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Raymond Queneau: Zazie dans le metro (Zazie)

Zazie, a young girl from the provinces, arrives at the Gare d’Austerlitz, where she is met by her uncle Gabriel, a female impersonator. He and his wife, Marceline are looking after Zazie for a while because, as Zazie succinctly points out, Zazie’s mother has no time for her family when she has a new boyfriend. There is only thing Zazie wants to do in Paris and that is ride the Metro. When offered Napoleon, her response is Napoléon mon cul. Il m’intéresse pas du tout, cet enflé, avec son chapeau à la con. (Napoleon my arse. I am not the least interested in that old windbag with his silly bugger’s hat.) Unfortunately for both Zazie and Gabriel, there is a strike on, so she can’t go on the Metro. Zazie is an insufferable brat, a nasty pre-Lolita if you will, determined to have her own way. She is foul-mouthed, uses slang, tries to emulate adults but, of course, fails, is rude to everyone and tells the most preposterous lies. She runs away from her uncle to explore Paris on her own, when she can’t take the Metro. She always wants her own way. When she can’t get her favourite drink at the restaurant, she makes such a fuss that they go and get her one from next door. Queneau’s style is to use slang and phonetic spelling, which is complicated at first (both in the French and English editions) but you soon get the hang of it. And, of course, Zazie, with her faux charm, her insouciance and her criticisms of the adult world and all its misdeeds, is a wonderful literary creation. We can’t help being amused by her, even if we find her somewhat annoying.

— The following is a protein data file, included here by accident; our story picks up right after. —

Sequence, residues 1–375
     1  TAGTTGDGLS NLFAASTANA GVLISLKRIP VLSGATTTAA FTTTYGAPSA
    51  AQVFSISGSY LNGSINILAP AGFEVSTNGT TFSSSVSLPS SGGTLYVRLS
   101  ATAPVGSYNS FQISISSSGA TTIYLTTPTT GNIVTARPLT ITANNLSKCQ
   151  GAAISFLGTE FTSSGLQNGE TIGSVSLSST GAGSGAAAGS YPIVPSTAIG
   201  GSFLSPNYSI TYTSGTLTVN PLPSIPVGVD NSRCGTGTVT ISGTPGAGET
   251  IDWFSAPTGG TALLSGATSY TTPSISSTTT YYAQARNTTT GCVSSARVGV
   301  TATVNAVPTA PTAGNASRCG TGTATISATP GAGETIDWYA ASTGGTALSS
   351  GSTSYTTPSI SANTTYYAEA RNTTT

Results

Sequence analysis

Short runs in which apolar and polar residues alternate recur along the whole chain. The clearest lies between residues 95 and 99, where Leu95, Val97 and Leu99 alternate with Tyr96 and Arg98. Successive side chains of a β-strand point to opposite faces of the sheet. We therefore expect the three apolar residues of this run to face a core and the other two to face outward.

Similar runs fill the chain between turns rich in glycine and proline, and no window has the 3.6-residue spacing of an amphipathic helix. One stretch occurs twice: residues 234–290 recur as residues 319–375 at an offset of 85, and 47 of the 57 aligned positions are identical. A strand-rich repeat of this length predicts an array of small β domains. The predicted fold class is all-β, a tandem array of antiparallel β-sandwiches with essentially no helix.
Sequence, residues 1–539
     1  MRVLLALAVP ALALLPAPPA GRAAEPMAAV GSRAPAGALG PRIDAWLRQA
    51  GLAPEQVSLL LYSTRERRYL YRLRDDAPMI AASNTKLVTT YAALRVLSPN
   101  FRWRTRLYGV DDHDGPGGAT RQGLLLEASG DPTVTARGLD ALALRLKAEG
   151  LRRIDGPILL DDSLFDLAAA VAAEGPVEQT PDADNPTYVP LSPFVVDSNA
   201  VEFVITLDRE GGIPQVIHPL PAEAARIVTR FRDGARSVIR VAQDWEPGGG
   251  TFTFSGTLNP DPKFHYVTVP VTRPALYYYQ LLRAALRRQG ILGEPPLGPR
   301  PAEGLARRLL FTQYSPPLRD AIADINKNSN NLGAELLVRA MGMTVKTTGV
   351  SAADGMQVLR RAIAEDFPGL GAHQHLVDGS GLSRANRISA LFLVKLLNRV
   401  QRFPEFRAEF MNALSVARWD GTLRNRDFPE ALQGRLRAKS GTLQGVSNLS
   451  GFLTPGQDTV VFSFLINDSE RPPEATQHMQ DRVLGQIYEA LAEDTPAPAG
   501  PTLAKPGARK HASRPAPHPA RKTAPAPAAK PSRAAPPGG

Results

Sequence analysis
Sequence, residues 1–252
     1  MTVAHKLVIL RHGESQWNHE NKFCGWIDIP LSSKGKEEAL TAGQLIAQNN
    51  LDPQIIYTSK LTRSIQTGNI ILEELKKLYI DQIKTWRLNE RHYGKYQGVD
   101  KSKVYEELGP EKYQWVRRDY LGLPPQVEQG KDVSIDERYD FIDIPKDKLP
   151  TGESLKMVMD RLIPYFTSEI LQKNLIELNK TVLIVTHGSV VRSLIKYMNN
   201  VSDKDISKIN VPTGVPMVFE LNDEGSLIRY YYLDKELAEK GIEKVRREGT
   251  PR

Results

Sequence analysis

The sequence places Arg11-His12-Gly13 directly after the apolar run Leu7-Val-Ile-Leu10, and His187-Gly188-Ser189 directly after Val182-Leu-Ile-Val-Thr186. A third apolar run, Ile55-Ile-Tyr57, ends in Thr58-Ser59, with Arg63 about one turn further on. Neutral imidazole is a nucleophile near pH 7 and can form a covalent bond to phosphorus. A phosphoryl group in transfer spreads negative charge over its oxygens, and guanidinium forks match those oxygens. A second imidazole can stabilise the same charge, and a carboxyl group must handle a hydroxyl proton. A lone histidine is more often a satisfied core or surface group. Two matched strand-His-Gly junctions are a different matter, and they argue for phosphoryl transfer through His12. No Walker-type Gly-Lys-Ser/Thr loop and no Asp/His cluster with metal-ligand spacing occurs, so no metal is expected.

Publishing history

First published 1959 by Gallimard
First published in English 1960 by Bodley Head